On The Line
by Michael Olberding
This month, I thought I would talk about my experience when I got my DSO electric bill for December usage. I was curious how much of an effect the cold weather would have on my bill, as my house is very well insulated, and air sealed. To my surprise, the bill was about $70 higher than last year. I was suspicious that the cold stretch of weather in December had that much of an effect on my house, so I decided to look into the matter.
To investigate the higher bill, I first looked at my usage on Smarthub. In addition to your hourly usage, Smarthub also tracks the high, low, and average temperatures. Smarthub is available on our website (dsoelectric.com) to every DSO member. I found that we used two to three more kWh every hour than normal, and it appeared that we were still using the higher amounts. This was very suspicious.
So, I set out to see if I could find the cause of the higher usage. Using a voltmeter, I started reviewing the breakers in the breakers box. I ultimately determined that a switch on a well we only use in the summer was never shut off. As a result, the well motor ran constantly. The math on the oversight was sobering; it was costing us $5.76 per day! I quickly got the issue fixed so it doesn’t happen again.
I know there are a lot of members that have high bills but don’t have the experience to find the problem. Over the years, I have helped a lot of members find where the power was being used beyond the meter, so I am sharing the following list of things that I typically look for:
- Overhead triplex that has been damaged by trees or debris may have a bad spot on the wire and water and contaminants will normally burn up eventually and cause an outage, but in the meantime, it is losing electricity.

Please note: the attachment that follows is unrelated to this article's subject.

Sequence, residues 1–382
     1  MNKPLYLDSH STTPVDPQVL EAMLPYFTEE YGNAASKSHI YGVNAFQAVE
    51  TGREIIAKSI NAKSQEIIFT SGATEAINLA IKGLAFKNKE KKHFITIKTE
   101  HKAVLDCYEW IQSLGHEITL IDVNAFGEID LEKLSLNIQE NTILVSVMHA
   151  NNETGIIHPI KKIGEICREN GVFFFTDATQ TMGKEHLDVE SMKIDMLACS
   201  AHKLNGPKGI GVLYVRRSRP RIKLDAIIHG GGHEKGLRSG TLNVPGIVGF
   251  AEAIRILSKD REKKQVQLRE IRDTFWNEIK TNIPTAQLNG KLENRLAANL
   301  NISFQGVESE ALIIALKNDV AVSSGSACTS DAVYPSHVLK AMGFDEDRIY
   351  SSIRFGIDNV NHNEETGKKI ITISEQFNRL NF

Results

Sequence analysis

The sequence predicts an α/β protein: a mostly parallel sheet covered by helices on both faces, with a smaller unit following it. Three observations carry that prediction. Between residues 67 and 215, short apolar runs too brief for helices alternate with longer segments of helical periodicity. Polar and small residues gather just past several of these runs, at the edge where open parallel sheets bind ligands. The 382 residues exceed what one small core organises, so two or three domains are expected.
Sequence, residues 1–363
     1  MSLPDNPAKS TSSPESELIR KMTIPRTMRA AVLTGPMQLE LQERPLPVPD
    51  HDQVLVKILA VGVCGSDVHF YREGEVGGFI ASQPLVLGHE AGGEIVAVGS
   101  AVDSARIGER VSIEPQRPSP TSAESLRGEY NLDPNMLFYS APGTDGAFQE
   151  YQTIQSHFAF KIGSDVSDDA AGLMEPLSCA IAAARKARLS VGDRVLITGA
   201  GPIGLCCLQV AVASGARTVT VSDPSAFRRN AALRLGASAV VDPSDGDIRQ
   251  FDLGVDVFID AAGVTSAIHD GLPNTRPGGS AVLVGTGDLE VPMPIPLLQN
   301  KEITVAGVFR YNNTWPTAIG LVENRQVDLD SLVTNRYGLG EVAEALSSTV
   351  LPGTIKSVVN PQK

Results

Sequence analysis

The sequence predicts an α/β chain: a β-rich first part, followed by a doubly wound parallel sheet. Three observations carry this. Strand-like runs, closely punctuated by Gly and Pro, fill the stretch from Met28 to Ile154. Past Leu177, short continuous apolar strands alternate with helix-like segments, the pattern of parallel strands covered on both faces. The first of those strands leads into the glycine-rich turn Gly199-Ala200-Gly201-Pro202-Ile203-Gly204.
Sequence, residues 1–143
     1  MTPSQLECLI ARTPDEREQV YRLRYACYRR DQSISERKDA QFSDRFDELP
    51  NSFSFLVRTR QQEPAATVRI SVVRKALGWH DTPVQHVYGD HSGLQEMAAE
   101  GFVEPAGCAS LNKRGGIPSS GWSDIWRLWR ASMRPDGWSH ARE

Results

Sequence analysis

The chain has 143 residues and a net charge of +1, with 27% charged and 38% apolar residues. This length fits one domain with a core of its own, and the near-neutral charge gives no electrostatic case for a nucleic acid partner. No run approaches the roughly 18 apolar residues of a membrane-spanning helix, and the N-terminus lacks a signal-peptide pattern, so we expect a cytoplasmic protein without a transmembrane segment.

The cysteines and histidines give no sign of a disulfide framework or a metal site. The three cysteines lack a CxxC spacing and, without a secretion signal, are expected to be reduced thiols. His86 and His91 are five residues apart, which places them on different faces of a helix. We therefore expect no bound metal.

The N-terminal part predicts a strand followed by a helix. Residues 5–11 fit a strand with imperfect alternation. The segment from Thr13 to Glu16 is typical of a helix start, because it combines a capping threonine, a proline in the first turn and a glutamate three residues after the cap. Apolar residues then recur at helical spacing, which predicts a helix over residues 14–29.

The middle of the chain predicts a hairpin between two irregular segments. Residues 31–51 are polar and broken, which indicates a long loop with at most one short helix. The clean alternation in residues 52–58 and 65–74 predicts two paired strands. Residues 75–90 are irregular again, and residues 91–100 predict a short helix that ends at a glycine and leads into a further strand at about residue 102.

- Underground wires that have a bad spot where the soil has a high resistance may increase electrical usage instead of tripping a breaker like you would expect from a short. Carbon will build around the wire and leak energy into the earth.
- Tank heaters and vehicle block heaters use a substantial amount of power even when they are working properly and may use even more if they are not working correctly.
- Upright refrigerators and freezers can big users, especially if the weather stripping around the door is bad.
- Electric space heaters are often advertised as an economical way to warm your home, but they use a substantial amount of electricity if used for several hours a day.
If you notice that your electric usage has increased and you can’t figure out what has caused it, first consider the temperatures during the billing period and whether you’ve changed anything. If you’re still concerned, it’s best to find a reputable electrician to help determine where the usage is going. There are some good energy management consultants out there that can help, and you may benefit from an energy audit. Finally, call the DSO office if you need help setting up a Smarthub online account so you can see your electric usage.